Chapter 9 and 10 of Zen and the Art of Happiness by Chris Prentiss focus on the events of our past and how we can use them to create our own happiness. According to Prentiss in chapter 9 of the book, everything that has happened to us or will happen to us is ultimately for our benefit. He expresses that dwelling to much on the events that have occurred in the past, which have caused us much distress and pain, will prohibit us from achieving happiness in the present. He encourages us to live by this mantra:” This moment we call now is all that exists”. In his view need to “rein in” our runaway imaginations and stop dwelling in the fast and not to stress about our future, just simply live in the present and gain our centeredness
Furthermore, in Chapter 10 of Prentiss’s book he draws upon that concept of living in the now and encourages us to realize that we are agents of the Universe. According to Prentiss, we as human beings are constantly in communication with the Universe. This consistent communication is best exemplified through coincidental events. He gives examples of thinking of someone and the phone rings and its that person you were thinking of calling you. Or wanting something really badly, like the scenario Prentiss gives of a couple wishing they could happen upon a white van with a great stereo system and 4-wheel drive so it will make traveling to and from their home in Hawaii easier, and coincidental circumstances make that wish come true. With this notion of coincidental events being the ultimate example of us communicating with the universe, Prentiss argues that once the universe because aware that you are in tune with it and it’s language then communication with the Universe will occur more fluidly and frequently. He also states that doing this will show that you are choosing happiness and accepting that regardless of what events occur, all things that happen to you will beneficial.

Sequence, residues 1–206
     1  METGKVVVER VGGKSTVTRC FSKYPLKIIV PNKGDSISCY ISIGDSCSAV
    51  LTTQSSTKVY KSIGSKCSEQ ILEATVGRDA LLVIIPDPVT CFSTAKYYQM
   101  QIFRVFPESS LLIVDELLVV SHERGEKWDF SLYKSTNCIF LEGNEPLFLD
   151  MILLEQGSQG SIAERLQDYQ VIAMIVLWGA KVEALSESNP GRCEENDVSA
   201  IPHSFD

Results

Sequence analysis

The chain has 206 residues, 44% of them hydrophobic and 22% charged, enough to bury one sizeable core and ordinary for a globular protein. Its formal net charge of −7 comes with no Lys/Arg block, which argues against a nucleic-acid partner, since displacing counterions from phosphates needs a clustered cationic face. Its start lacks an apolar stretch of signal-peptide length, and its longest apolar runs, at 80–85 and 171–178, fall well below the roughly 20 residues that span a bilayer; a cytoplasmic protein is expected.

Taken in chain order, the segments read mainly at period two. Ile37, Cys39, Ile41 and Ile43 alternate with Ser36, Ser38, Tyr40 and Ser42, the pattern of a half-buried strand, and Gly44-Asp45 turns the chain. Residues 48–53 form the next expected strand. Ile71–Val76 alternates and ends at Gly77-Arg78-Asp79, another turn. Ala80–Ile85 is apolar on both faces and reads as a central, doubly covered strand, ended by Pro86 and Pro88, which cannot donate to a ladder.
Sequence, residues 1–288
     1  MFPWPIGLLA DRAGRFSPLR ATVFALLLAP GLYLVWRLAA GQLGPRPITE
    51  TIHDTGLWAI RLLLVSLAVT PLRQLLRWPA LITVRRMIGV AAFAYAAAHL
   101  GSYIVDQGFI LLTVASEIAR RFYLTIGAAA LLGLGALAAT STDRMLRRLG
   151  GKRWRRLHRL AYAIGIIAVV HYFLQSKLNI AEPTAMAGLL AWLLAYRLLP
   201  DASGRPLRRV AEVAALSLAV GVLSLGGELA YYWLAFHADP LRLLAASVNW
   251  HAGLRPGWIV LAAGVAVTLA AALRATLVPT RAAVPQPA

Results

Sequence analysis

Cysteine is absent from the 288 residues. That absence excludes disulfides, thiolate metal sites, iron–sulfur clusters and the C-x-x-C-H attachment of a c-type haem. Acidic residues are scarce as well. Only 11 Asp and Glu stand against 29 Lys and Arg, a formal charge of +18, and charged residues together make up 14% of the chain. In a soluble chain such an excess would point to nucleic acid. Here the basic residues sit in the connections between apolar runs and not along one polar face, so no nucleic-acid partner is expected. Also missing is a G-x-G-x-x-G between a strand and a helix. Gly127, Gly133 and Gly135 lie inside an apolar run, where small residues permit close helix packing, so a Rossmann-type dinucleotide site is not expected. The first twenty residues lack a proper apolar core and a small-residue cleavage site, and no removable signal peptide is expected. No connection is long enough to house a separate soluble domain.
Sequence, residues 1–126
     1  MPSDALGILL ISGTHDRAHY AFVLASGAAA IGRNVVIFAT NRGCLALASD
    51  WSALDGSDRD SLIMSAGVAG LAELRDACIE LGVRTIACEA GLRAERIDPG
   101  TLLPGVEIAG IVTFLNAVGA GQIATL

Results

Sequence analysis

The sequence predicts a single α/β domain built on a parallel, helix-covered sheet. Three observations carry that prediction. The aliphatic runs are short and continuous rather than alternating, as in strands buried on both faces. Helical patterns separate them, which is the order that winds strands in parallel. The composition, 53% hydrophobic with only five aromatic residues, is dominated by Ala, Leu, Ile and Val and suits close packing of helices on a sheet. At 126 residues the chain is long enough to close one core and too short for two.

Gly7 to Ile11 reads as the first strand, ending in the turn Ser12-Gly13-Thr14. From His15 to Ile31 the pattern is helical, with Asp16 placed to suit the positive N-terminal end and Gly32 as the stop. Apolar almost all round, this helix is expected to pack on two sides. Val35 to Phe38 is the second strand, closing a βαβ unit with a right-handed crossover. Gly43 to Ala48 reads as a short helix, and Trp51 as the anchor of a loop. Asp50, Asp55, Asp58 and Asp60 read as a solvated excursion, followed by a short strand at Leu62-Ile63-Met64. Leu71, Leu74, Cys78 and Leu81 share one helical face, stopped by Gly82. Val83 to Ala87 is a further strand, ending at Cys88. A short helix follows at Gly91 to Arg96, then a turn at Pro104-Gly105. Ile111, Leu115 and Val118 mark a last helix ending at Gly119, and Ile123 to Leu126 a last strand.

With all that said, I would like to express my discontentment with Prentiss’s notions. Although, his ideas are generally wise and ‘zen’ in theory I believe that Prentiss failed to consider the complexities of life. I do agree with his notion that in order to truly be happy in the present we need to let go of our pasts and not worry too much about our future. However, I think it is simply foolish to believe that every painful and distressful event of our pasts will benefit us. It think that kind of mentality is naive, it is too idealistic. Prentiss’s zen outlook could be plausible if it took into consideration the true essence of human nature; our minds and inherent nature are too complex to live by the simplicity of his zen outlook
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